“By set­ting weekly or monthly sched­uled tests in line with Se­nior man­ag­ing part­ner at Sya­funda the pre­scribed cur­ricu­lum, we can iden­tify and flag prob­lem ar­eas and strug­gling schools early on for in­ter­ven­tion and re­search pur­poses.” In line with this strat­egy, Sya­funda also gives reg­is­tered teach­ers ac­cess to real-time data and an­a­lyt­ics in order to keep track of their stu­dents’ ac­tiv­ity and per­for­mance. This in­cludes the abil­ity to up­load mul­ti­ple-choice assessments to be com­pleted elec­tron­i­cally to as­sist with mark­ing and com­pil­ing re­ports.

Ac­cess is key

Ac­cord­ing to Ngubo, mo­bile learn­ing is still in its in­fancy in SA, but its po­ten­tial to trans­form ed­u­ca­tion at large is stag­ger­ing. He notes that there are ap­prox­i­mately 3.5m high­school learn­ers be­tween the ages of 15 and 19, and of th­ese learn­ers around 76% own or have ac­cess to a mo­bile de­vice. The key chal­lenge, how­ever, is that ac­cess to hard­ware alone with­out rel­e­vant con­tent and soft­ware does not aid in the ed­u­ca­tion process. Ngubo points out that today, the ma­jor­ity of dig­i­tal con­tent in ed­u­ca­tion is ei­ther too tech­ni­cal and there­fore in­tim­i­dat­ing, or not ap­pli­ca­ble to the South African con­text. Added to this, the high cost of data pro­hibits learn­ers from ac­cess­ing most dig­i­tal con­tent on­line. To get around the con­nec­tiv­ity is­sue, Sya­funda of­fers off­line wire­less func­tion­al­ity by plac­ing its servers in schools, libraries and com­mu­nity cen­tres. “What we de­vel­oped was a so­lu­tion of on­line reg­is­tra­tion and an­a­lyt­ics but off­line con­tent in a dig­i­tal li­brary,” ex­plains Ngubo. “We have dig­i­tal libraries set up in schools and public libraries all pre­loaded with about five ter­abytes’ worth of video tu­to­ri­als, e-books, work­sheets and soft­ware.” This en­ables any stu­dent with a dig­i­tal de­vice to ac­cess the high-speed, free WiFi and to down­load or stream any pre­loaded ma­te­rial they need with­out in­ter­net ac­cess. Sibu­siso Maseko, a prin­ci­pal at Zwelibanzi High School out­side Dur­ban that has part­nered with Sya­funda for two years, says that the learn­ing plat­form is hav­ing a very pos­i­tive im­pact – par­tic­u­larly within sci­ence. Maseko notes that the ma­tric pass rate for sci­ence has in­creased by 10% since the learn­ers have start­ing us­ing Sya­funda. “Sya­funda pro­vides learn­ing ma­te­rial to stu­dents in their mother tongue [isiZulu], which re­ally helps them to un­der­stand the ac­tual con­tent,” he ex­plains. “When they en­gage with this ma­te­rial out­side of class, we see that they be­gin to take their for­mal, in-class learn­ing more se­ri­ously.” Maseko says that he hopes Sya­funda will ex­pand its con­tent and pro­grammes to other sub­jects in the near fu­ture, not just maths and sci­ence. Sya­funda aims to ex­pand its reach to 500 schools, 200 public libraries and 100 com­mu­nity cen­tres by 2019.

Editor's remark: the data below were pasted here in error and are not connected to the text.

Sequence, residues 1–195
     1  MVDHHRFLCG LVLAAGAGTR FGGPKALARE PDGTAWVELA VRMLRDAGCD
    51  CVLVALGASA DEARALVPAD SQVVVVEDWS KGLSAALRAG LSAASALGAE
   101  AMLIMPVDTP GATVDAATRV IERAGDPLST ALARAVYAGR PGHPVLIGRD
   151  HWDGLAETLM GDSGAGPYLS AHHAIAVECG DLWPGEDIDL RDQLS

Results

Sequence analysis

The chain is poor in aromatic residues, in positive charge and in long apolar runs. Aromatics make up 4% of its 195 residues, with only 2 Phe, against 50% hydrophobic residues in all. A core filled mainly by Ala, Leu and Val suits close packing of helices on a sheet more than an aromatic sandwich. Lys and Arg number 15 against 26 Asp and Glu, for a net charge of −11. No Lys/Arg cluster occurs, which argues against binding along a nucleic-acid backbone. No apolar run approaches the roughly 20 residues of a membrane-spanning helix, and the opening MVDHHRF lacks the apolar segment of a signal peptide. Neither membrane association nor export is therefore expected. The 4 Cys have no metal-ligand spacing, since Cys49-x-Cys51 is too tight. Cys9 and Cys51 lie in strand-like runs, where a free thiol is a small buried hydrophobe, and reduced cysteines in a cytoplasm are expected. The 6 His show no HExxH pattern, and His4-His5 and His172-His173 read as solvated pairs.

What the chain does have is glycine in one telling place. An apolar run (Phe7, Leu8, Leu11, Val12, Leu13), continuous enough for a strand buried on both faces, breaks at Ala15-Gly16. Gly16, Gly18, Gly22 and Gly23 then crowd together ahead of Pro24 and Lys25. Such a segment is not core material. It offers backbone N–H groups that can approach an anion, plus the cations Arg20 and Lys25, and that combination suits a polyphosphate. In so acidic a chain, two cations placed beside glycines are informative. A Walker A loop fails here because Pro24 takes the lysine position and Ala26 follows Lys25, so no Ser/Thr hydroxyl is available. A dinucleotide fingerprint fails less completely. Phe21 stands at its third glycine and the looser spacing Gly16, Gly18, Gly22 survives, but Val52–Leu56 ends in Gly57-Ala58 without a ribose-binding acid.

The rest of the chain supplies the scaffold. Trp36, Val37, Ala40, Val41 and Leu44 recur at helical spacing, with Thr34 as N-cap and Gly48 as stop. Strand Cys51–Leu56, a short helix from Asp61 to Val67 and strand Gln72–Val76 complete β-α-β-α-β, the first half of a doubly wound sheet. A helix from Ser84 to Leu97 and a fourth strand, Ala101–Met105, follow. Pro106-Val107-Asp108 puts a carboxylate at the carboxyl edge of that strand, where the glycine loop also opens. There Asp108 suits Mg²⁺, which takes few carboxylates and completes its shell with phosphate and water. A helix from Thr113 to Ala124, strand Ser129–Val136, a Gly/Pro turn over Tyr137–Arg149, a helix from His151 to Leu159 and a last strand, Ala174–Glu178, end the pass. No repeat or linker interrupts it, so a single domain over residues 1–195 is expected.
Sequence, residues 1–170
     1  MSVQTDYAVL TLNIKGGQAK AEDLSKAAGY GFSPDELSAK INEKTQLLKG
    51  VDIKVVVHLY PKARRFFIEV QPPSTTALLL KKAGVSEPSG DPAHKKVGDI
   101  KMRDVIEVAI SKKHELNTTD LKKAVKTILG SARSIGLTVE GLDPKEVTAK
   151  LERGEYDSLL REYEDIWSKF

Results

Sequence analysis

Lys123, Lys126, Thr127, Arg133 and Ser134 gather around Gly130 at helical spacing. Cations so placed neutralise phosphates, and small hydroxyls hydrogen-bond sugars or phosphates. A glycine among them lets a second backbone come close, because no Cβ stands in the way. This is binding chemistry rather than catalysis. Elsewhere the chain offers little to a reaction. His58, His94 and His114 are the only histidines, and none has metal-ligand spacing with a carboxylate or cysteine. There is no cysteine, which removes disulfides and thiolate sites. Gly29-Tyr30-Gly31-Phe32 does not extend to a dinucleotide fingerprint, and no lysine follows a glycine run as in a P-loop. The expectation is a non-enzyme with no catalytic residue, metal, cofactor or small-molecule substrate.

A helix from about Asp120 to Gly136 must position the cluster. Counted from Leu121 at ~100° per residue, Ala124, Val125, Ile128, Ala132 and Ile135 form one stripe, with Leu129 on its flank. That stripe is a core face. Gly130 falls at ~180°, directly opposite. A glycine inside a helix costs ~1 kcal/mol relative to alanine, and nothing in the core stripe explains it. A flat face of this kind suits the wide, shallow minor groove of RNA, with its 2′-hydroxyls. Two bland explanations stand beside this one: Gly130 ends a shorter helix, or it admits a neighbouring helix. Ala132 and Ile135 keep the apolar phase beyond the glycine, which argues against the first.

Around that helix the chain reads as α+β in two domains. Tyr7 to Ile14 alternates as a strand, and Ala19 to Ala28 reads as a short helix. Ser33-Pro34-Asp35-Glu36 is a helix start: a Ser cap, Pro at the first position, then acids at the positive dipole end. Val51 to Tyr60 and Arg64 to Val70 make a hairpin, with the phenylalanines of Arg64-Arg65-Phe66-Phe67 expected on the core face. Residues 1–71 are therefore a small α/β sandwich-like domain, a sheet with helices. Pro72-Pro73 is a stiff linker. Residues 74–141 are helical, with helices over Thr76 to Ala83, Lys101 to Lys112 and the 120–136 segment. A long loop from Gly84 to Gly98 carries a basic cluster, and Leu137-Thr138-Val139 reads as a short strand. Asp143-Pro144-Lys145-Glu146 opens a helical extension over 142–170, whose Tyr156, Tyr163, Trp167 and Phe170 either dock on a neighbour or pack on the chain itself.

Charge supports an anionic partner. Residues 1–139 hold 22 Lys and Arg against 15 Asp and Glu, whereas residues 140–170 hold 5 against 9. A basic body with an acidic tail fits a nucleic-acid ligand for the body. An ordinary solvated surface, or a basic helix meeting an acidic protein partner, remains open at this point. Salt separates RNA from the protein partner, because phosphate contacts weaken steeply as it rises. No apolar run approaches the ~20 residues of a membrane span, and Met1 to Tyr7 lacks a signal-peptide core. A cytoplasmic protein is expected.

Zakheni Ngubo

Newspapers in English

Newspapers from South Africa

© PressReader. All rights reserved.